downtown oakland
Downtown Oakland circa 1910

Category — construction

What's going down, downtown

May 22, 2009

It’s happening downtown, from waterfront events to new construction, to good decisions and bad decisions from City Hall.

Jack London Square, its first round of new construction almost complete, is set the liven up summer with a series of special events. Thursdays Palm Tree Plaza at the foot of Broadway will show nautically-themed films, with The OakBook hosting a trivia contest. Fridays the Linden Street Studio will teach dance classes (today is the waltz) under the stars, and restaurants are offering prix-fixe dinners. A hanging tile mural is being installed on the new Amtrak parking garage. And more opportunities are arising for the future: east of the square, the former Zazoo’s is for sale. It appears to be a $3.2m tear-down, potentially zoned for up to 120 residences, and no height limit.

It’s not all roses, though, for downtown’s waterfront: The Island reports the Port of Oakland is considering ending ferry service at Jack London Square. I find this very unlikely, since it would entail ending the Alameda Ferry as well, while the Water Emergency Transit Authority is attempting to expand ferry ridership and infrastructure.

On Wednesday the Planning Commission approved plans to renovate the former Sweet Jimmie’s on San Pablo and 17th, on the edge of Uptown near Old Oakland. The operator of SF’s Independent will create a smaller venue, a restaurant, and two clothing boutiques, and gussy up the façade. The building hosted Dave Chappelle’s surprise performance last month. Meanwhile, with no public hearings needed, nearby @17th is set to be the new location of the Bench and Bar.

Less awesome for downtown was the Planning Commission’s decision to grant The Shorenstein Corporation five years to resume construction on 601 12 St, which is now a gigantic hole. The lot is half a block from the partially shrink-wrapped CityWalk site. Old Oakland could endure nine years of construction as result of that decision, mitigated only by $50,000 worth of murals on a fence.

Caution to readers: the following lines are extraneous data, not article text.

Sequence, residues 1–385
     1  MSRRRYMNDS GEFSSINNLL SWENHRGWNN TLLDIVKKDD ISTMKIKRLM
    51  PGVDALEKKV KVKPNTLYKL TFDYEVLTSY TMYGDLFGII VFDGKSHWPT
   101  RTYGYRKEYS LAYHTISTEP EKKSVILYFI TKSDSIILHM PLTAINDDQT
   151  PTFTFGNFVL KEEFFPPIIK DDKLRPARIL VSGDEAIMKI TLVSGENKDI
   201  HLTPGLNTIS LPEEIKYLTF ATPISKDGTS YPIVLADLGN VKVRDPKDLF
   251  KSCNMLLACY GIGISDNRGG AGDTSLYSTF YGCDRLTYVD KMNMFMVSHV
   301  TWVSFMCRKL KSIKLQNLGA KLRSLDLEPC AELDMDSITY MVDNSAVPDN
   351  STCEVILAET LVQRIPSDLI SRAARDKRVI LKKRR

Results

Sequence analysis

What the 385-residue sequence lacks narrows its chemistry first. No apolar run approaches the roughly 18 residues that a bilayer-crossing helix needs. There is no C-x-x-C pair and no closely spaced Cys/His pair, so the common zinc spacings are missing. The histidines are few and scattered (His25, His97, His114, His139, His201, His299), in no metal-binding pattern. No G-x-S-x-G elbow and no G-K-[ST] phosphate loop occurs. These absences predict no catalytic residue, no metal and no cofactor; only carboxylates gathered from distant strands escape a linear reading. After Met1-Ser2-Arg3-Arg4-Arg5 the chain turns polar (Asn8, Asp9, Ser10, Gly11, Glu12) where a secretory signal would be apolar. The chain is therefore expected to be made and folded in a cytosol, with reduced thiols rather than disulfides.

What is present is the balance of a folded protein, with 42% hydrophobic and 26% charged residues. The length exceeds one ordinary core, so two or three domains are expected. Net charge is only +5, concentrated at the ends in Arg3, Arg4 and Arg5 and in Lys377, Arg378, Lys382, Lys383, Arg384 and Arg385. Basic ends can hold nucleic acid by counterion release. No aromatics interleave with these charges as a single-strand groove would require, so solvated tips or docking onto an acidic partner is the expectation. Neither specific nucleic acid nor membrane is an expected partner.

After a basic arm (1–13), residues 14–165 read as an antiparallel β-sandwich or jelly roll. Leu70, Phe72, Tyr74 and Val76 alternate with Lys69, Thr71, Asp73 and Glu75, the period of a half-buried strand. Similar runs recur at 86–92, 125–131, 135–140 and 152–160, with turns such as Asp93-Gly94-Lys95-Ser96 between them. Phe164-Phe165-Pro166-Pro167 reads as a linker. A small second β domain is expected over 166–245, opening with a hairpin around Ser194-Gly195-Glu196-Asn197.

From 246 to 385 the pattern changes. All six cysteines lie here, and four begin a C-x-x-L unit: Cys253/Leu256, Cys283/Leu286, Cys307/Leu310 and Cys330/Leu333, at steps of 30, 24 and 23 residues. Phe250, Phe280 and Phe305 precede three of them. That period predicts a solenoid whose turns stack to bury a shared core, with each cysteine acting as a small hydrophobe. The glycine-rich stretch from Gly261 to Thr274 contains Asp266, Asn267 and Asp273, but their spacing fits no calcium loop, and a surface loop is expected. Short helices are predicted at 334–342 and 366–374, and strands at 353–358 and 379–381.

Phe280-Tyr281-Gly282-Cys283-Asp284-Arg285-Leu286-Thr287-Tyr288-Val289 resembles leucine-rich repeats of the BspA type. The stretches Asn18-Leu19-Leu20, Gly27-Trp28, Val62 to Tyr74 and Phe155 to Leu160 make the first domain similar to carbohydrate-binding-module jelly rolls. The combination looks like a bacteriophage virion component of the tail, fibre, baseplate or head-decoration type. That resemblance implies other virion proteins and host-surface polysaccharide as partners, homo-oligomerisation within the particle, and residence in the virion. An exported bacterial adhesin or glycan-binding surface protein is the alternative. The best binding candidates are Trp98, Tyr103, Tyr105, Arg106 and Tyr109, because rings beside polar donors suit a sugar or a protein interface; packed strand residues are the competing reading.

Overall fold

City Hall may be closed today, but there is good policy news as well. As the reader may know, on May 5 pedestrian advocates and downtown residents persuaded the City Council to use a prominent Uptown lot for public art instead of car parking. The approved motion, introduced by Councilmember Ignacio de la Fuente, directed Cultural Arts to incorporate the lot into its Uptown arts budget, but allowed the parking plan to move forward in two weeks if City Administrator Dan Lindheim determined an arts use is infeasible. It’s been two weeks, and Cultural Arts has presented several options to Mr. Lindheim, which have not been declared infeasible. So Uptown will not take a step backwards by reverting a prominent Telegraph Avenue lot, however temporarily, to car parking. Whatever Cultural Arts does with the lot, I’m confident it will enrich the neighborhood, complement the streetscape, and perhaps even give Playa-haters a chance to see large-scale sculpture. Uptown Unveiled debuts in June.

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A few things to read about downtown Oaktown

May 15, 2009

In case you missed them.

Mignonne, an Old Oakland boutique featuring vintage and French housewares, furniture, and gifts, is moving to West Berkeley. This weekend the shop holds a moving sale, at 10th and Jefferson across from Lafayette Square Park. Other shopping opportunities include a new gallery in Uptown, and 17th St has been on the upswing this year. A recent business article reports that Oakland’s retail vacancy rate is much lower than the national average. Of course, it’s hard to subtract from zero.

Much was made of an empty Uptown lot where pedestrian advocates successfully delayed a plan to build a parking lot. The alternative, integrating the lot into the Uptown Unveiled public-art program, must be ruled feasible by Tuesday for it to proceed. Meanwhile, here in Old Oakland we have our own empty lot, the site of a high-rise office tower known as 601 City Center. Unlike the Uptown lot, construction started and then stalled, leaving a huge hole in the ground. But Oakland and the developer, Shorenstein, have agreed to, among other things, create a “a public art program to increase the attractiveness of the security fencing.” Funny that just a few weeks ago city staff argued that decorating construction fences with art is unattractive!

The East Bay Express reviews Pican, which, alongside Ozumo, is fast-becoming a premiere destination for its California-meets-Atlanta cuisine, epansive bourbon selection, and warmly handsome interior decor. The Coco Times reviews Banyan 14, while Becks reviews nice outdoor spots downtown for this beautiful weather.

An SFer posted a sweet blog about how much he (or she) likes working in the DTO, which to him feels like a secret. One reason we’re not seeing new highrises like 601 City Center or 1100 Broadway being built is that, despite the low vacancy rate, there aren’t new tenants moving into the market (and a source reports that Kaiser is consolidating at lot of its operations to Pleasanton). But big block of space was just leased: a “neutral” office for BART to conduct its negotations with its union.

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